Mine is 15, and I have several friends whose daughters have gone off the rails or run away at this age. Luckily for me, they went through it first and I have listened to them. Be strong when you have to be, gentle when it's needed.
Just pick your battles.

Wanderlust said...

What you describe sounds exactly like my 7 year old! Yikes. One tactic I use is to not give in to tantrums or rude demands. EVER. While she can be a pill at home at times I'm told by teachers and other caregivers that she is very thoughtful and conscientious. Teen years, I have no idea what they will hold. I think you are doing the right thing. She will push her boundaries with you and you are teaching her where they lie.

Katie said...

Oh lordy. I'm sorry that I don't have any wisdom to impart here. However, it sounds to me like you are doing well in how you're dealing with things. Keep on keepin' on!

x0xJ said...

haha that picture at the end cracked me up.
Oh *hugs* i bet boarding school is looking mighty fine?!
I agree on the jumping on top of it now. Be strong. Teenage girls are the scariest of all to go into battle against but you can do it!

Meredith @ thinkthinks said...

Ah yes. In retrospect I have been kind of lucky that my 12 year old daughter has been headstrong and argumentative right from the get go. People used to say to me "Oh no! What's she going to be like as a teenager!?" but to be honest it's almost easier now. I have honed my diplomacy skills, and now she is actually old enough to understand how to negotiate instead of just whipping herself into a frenzy.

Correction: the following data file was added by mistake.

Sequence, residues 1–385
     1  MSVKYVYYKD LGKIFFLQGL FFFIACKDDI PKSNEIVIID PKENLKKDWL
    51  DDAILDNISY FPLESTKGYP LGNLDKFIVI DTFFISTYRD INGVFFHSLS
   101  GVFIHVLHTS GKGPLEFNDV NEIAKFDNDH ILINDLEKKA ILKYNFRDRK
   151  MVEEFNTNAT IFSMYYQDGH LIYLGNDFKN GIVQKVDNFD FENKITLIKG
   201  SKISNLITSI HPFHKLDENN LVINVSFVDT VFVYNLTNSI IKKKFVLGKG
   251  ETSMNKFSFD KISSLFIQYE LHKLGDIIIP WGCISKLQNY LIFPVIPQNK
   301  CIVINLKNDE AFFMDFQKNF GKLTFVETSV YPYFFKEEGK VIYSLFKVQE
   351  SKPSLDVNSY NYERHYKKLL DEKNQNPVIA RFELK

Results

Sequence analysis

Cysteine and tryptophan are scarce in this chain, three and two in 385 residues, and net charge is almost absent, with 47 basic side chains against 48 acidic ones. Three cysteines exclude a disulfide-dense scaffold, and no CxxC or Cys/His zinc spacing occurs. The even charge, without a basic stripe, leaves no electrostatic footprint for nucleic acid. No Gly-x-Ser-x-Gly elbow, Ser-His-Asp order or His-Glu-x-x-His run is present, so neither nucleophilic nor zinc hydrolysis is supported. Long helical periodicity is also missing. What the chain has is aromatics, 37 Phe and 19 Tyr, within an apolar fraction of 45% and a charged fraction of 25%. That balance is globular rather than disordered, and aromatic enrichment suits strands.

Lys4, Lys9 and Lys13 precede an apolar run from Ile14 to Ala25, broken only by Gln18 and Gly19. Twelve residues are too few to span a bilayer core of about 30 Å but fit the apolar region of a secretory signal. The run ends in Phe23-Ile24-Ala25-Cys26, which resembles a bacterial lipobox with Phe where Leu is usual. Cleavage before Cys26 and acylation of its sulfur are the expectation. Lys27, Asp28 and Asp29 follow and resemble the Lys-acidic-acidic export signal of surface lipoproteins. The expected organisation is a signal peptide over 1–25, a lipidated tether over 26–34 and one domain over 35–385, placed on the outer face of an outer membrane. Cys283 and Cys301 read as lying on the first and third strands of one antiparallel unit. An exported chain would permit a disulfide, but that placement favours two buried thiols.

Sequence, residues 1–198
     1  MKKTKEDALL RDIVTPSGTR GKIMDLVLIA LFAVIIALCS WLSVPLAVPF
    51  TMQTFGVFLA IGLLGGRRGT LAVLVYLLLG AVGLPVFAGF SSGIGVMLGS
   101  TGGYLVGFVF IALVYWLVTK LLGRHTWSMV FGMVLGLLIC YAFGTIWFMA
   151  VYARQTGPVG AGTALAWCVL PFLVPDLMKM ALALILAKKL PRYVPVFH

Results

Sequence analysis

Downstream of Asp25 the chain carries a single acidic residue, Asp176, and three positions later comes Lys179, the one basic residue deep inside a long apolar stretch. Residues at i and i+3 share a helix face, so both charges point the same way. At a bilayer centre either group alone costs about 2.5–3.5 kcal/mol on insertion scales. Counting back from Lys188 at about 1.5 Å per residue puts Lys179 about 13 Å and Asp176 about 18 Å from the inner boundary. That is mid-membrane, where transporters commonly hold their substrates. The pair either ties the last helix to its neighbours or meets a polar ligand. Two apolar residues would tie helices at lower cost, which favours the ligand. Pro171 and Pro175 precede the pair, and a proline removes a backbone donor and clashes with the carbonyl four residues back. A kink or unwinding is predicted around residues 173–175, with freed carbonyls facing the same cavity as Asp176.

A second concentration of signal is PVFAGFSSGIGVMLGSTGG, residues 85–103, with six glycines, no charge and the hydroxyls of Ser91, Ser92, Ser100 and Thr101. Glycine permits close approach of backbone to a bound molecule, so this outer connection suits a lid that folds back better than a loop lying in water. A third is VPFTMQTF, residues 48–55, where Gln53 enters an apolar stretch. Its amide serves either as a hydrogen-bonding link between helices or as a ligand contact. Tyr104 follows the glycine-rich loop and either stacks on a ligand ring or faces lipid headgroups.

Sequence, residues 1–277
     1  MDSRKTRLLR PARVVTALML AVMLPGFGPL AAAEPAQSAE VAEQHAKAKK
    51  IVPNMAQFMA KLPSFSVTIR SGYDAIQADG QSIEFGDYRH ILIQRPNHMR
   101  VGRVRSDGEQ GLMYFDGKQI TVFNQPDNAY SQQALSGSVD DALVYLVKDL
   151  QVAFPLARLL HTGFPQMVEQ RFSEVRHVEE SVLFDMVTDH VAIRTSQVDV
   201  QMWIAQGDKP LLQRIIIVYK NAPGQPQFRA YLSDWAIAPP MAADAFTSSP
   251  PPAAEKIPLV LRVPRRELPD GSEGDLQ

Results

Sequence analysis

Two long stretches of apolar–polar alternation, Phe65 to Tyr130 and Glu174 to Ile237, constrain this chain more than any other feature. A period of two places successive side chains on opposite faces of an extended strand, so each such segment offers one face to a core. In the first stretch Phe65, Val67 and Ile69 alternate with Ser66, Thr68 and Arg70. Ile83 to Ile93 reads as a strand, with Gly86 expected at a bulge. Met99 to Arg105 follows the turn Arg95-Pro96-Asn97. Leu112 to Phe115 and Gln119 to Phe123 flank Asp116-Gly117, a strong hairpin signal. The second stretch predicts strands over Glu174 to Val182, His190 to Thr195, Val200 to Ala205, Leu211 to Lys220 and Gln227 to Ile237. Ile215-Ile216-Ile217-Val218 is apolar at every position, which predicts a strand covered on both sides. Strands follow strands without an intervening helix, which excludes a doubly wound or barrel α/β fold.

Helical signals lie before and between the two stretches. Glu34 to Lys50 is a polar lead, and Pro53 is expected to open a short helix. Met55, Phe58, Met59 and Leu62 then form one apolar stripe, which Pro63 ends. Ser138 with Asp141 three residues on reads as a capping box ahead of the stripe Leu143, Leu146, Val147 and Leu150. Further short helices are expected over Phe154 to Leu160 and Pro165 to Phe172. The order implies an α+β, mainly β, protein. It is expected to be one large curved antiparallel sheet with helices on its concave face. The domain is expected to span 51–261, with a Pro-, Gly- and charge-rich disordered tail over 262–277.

I still have to remind myself to give a bit of leeway though. Especially when she makes a convincing argument. It's hard not to say no just for the sake of winning the fight.

Danya said...

Oh honey good luck. Miss 11 has been pretty manageable so far but she has always been that way. I expect Miss 8 to be awful. My sis reliably informs me that if we sit tight and stay firm we will all get there. Hers are now 21 & 23.

life in a pink fibro said...

Love the yoga illo! I was horrible from birth onwards, according to my mum, so I have nothing to offer here. All you can do is Hang Tough (post-Wham, but you know what I'm saying here). Good luck! Remember Neil Diamond said: "Girl, you'll be a woman soooon..." It's going to be a rollercoaster.

Kristy said...

I am so glad I have a boy. Even the most mild girls seem to go through these DRAMA phases and it seems like they save the worst of it for their Mama's! Good luck!

Tabitha Bird said...

Strap in and hold on tight. I have three year old who acts the same way... hmmmm :) I thought they got better with age? :)

Jodie at Mummy Mayhem said...

I've come to the conclusion that no matter how old they are, the tantrums are gonna happen!

Good for you standing your ground. I think that's the best you can do. I remember going on and on and on about getting a new bike when I was a kid. In the end, my Mum had to tell me she and Dad had bought me one for Xmas, but I was to stop going on about it to Dad. I guess I just expected that if I asked for something, I'd get it! (Didn't help that I was like an only child.)

But I'm happy to report, that even after ALL those times my parents gave in and bought me something after hounding them for it, the first time I came in to some money (thru a saving investment my parents had put away for me that matured at the age of 18), the first thing I did was go out and buy my parents a dining suite with it. I thought of them first.

So, you know, give the girl love and she'll turn out alright in the end. She will appreciate it, as she has a lovely Mum as her example. xxx

Kylie L said...

Oh no! I have an 8 year old and thought I had YEARS to go before the hormones hit :( I love some of the advice you got here (esp from Seraphim), and I think you did the right thing by standing firm. Set boundaries and stick to them- then everyone knows what to expect.
Good luck! And is there a way to subscribe to your blogs? I always seem to get here about 5 days late, and I'm sick of being the last commenter. #competitivestreak